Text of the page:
6. Earth community: the community of all living things on Earth including the natural world (Berry, 1988).

7. Wicked issues: issues so complex that they are dilemmas with no single "right" answer (Rittel and Webber, 1973).

8. See Lappé and Du Bois, 1994.

9. See Stacey, 1992.

10. See Heifetz, 1992.

11. Active Listening: listening with empathy; paraphrasing what has been said well enough so the other person feels heard (Gordon, 1970).

12. Telepresence: the use of technology to establish a sense of shared presence or shared space among geographically separated members of a group (Buxton, 1991).

13. Electronic meeting system: groupware originally developed for same-time/same-place meetings; group intelligence tools for idea generation, organization, and evaluation, often used in a room where everyone has a computer and the results are displayed on a group screen; also called group support systems; see Jessup and Valacich, 1993 and Bostrom, Watson, and Kinney, 1992.

14. Social accounting: a method for accounting for the resources invested, benefits, costs, net return, and return on resources of all stakeholder groups in a corporation, including investors, employees, customers, associated firms, and the public (Halal, 1978).

15. Nexus: a bond or link between members of a group; the brand name of Laurel's palmtop, solar-powered, wireless, gesture- and voice-sensitive, multi-media workstation; its trademark slogan: "We put the whole group in your hand."

16. Sanctuary: a safe and sacred space for practicing "forgotten" ways of knowing and new ways of being in community.

17. See Johnson-Lenz, 1992a for a description of a virtual circle groupware process based on a native ritual of "passing a talking stick" and taking turns to tell one's truth from the heart.

18. Kything: the art of being spiritually present with another (Savary and Berne, 1990). Telepresence is the attempt to connect people through cyberspace (technologically created "space" where we met by telephone, computer, videoconference, etc.), while kything is presence in hyperspace (imaginal "space" were we meet mind-to-mind, essence-to-essence). See Johnson-Lenz, 1989 and 1992a for discussions of the difference between cyberspace and hyperspace.

19. See Johnson-Lenz, 1992a for accounts of the impact of presence on personal/spiritual growth work via computer network.

20. See Johansen, et al., 1991.

21. See Short, 1991 for more on leadership through self-differentiation, bringing whatever one is experiencing into a group, thereby increasing group intelligence and learning.

22. Knowbot: a software agent programmed to search knowledge networks; a knowledge robot.

23. Asynchronous: not at the same time; people using groupware at times of their own choosing, rather than being on line at the same time.

24. Rolling present: the moving "window" of group attention in asynchronous virtual meetings; what the group is currently focused on; "now" is larger than a single moment and may range from several hours to several weeks, depending on the flow of interactions (Henry, 1985).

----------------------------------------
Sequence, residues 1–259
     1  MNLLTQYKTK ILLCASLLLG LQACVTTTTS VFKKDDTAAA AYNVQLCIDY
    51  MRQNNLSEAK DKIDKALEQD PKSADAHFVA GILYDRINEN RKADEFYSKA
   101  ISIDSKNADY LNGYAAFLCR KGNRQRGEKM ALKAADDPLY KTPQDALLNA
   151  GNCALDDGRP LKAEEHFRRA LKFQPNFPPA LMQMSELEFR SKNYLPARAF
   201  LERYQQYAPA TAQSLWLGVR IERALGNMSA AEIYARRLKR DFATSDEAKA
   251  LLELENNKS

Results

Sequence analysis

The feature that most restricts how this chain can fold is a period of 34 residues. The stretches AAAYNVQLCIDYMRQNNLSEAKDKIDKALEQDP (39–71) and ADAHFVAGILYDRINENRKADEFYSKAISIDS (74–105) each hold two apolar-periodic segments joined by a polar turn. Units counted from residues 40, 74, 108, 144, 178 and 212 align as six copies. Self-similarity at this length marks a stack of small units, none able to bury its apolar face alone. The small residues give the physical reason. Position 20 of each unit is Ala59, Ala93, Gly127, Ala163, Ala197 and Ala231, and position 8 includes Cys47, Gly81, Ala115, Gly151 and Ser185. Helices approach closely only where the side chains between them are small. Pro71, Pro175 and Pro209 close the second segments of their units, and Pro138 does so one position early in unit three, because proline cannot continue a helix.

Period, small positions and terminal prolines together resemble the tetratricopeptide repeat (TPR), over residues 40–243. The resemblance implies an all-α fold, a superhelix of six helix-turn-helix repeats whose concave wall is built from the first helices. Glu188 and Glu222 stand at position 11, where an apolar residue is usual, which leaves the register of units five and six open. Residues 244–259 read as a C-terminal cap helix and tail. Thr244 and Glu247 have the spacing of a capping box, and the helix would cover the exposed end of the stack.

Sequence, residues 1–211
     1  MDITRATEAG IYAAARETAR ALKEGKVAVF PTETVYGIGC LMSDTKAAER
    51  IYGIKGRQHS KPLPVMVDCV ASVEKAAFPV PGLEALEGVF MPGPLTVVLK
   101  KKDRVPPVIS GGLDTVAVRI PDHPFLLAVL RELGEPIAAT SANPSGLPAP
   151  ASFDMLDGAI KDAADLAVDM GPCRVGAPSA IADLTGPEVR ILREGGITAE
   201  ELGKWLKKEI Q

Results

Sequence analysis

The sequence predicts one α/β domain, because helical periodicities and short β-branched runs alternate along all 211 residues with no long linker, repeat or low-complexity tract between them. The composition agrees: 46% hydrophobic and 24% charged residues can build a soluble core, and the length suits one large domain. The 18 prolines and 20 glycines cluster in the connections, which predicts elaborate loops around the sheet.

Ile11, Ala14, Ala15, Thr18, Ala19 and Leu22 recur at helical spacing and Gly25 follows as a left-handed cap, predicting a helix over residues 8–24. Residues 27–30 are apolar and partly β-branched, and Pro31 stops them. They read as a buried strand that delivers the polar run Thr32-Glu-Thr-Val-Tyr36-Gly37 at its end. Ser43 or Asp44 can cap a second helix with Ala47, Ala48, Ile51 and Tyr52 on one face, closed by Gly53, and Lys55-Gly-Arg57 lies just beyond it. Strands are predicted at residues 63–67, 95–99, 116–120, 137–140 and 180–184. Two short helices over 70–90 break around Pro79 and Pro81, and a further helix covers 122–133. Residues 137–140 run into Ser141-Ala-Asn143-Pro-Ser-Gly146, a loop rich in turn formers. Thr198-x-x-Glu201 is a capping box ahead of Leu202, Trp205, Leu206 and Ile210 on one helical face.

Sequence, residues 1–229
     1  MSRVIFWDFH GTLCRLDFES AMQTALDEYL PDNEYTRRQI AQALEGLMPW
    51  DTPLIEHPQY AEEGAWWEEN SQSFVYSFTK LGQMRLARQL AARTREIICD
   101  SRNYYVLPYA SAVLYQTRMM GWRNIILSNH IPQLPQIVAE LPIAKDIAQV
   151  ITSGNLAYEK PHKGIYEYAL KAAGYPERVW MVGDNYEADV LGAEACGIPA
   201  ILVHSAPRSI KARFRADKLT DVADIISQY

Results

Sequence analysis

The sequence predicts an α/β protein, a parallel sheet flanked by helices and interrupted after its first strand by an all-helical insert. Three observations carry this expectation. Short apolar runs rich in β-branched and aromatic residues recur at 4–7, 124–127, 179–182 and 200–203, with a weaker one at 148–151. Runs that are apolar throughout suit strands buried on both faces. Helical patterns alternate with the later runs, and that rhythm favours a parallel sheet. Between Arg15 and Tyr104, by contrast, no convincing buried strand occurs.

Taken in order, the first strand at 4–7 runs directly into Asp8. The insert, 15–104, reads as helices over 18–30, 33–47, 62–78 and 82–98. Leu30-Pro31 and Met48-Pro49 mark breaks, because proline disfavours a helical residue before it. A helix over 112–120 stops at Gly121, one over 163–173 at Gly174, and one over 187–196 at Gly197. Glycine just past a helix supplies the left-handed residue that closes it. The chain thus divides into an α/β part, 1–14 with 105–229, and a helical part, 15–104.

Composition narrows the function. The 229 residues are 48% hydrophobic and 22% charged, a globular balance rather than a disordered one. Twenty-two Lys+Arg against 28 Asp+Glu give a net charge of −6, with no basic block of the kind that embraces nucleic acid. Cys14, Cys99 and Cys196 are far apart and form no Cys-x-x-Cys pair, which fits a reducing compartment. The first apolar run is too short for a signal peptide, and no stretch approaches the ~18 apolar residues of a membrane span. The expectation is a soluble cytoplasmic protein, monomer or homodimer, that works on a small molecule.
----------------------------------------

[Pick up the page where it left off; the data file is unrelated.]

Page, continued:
25. Capacitance: the amount of "aliveness" one is able to embody; one's ability to hold multiple conflicting points of view in creative relationship (Johnston, 1986).

26. Inner and outer polarities: (1) a polarity within oneself, such as work and play, masculine and feminine, success and failure; (2) a polarity in an issue or domain, such as labor and management, economy and environment, liberal and conservative; bridging polarities involves understanding the larger whole of which the poles are a part (Johnston, 1991).

27. See Smith and Wagner, 1984.

28. See Heifetz, 1988.

29. See Mindell, 1992.

30. See Johnston, 1991.

31. See Johnson-Lenz, 1992c.

32. Tailorable groupware: flexible groupware which can be shaped to support a group's purpose and process, ideally by those using it. We first encountered the term tailoring in the work of Murray Turoff and Roxanne Hiltz on EIES®, the Electronic Information Exchange System (Turoff, 1971; Hiltz and Turoff, 1978). The high-level programming language in which EIES could be tailored was unique and powerful, but too complex for nonprogrammers. More recently, Malone and colleagues have come closer with Object Lens whose goal is "to be 'radically tailorable;' that is, nonprogrammers can customize the system for a wide variety of applications" (Malone and Lai, 1992).

33. See Johnson-Lenz, 1991.

34. The Jefferson Center (Minneapolis) has been conducting Citizen Jury panels since 1976; randomly selected members participate in several days of hearings before voting on recommendations announced to the public; for example, a 1992 panel made recommendations on US federal budget cuts.

35. Learning Democracy: we first heard this term in early 1993 from Ron Thomas, Community Design Exchange, Seattle, Washington.